Chicago-based photographic entrepreneur John B. Scholl began his career as a shop clerk, pursued graphic arts as a sideline before forming a short-lived partnership with B.A. Mink as fine artists. They jointly occupied as studio at 715 S. Halsted, until Mink dissolved the partnership in 1886. From that point onward, J.B. Scholl identified himself as a photographer. More efficient as a businessman than a camera artist, his fortunes changed markedly for the better in 1890 when he moved his premises to 210 State Street and hired a young Englishman, George Hana as his chief operator.
An effervescent person with a manic imagination, Hana convinced Scholl to identify himself as a theatrical photographer, supplying performer portraits to the public, to editors, and to performers. Hana exploited his connections in the performing community and advertised the business's concentration of theatrical photography at every turn.
By 1891 Scholl Chicago became one of nationally important studios for publicity portraiture, with Hana posing the sittings and overseeing the printing. This heyday lasted six years at the time when the cabinet card trade was waning, and magazine placements grew in importance as sources of revenue. Hana's penchant for novelty pleased editorial eyes. By 1896 Hana had formed a conviction that he should return to London, applying the commercial principles he had absorbed from Scholl and from dealing with periodical publishers. From 1897 through the turn of the century Hana Studios Ltd. in London challenged the established studios—Downey, Ellis, Walery, VanderWeyde—by actively developed advertising imagery as well as celebrity portraiture.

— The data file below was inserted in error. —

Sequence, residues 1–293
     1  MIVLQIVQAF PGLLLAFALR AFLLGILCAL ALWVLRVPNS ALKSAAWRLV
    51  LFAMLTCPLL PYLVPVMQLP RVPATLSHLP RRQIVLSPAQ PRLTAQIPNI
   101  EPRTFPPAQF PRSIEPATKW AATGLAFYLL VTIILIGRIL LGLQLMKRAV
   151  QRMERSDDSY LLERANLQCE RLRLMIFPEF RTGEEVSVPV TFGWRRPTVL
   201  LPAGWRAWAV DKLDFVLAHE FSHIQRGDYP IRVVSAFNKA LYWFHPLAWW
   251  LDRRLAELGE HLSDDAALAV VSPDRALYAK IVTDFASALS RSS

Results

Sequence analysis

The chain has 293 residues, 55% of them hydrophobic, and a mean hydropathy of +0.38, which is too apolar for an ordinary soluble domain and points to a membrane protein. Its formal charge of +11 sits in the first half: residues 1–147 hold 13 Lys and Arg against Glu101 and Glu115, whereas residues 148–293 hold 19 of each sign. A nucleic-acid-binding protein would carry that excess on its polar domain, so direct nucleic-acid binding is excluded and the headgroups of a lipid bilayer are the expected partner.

Hana’s skill as a theatrical portraitist lay in an intuitive rapport with sitters, knowing the precise moment when the performer was presenting the personae they wished to project. "Varied and numerous as are Mr. Hana’s sitters, he seems able, in almost every case to catch a series of thoroughly characteristic poses and arrangements." His chief fame at the turn of the century derived from his "mosaic" (composite) portraits in which several scenes and poses of a performer appeared in one 11x14 inch print.
After Hana's departure, Scholl continued with celebrity portraiture, but realized that public portraiture offered a more promising long-term source of income. He shut the State Street studio and opened offices at 553 S. Halsted and 1167 Milwaukee. These supplied him income until shortly before his death.
N.B. John B. Scholl had no connection with Scholl Portrait Studio located at 112 & 114 N. 9th Street in Philadelphia during the 1870s and 1880s. That studio was run by Emil Scholl.
NOTES: "Theatrical Photography," The Photogram 6 (1899), 69-71. David S. Shields/ALS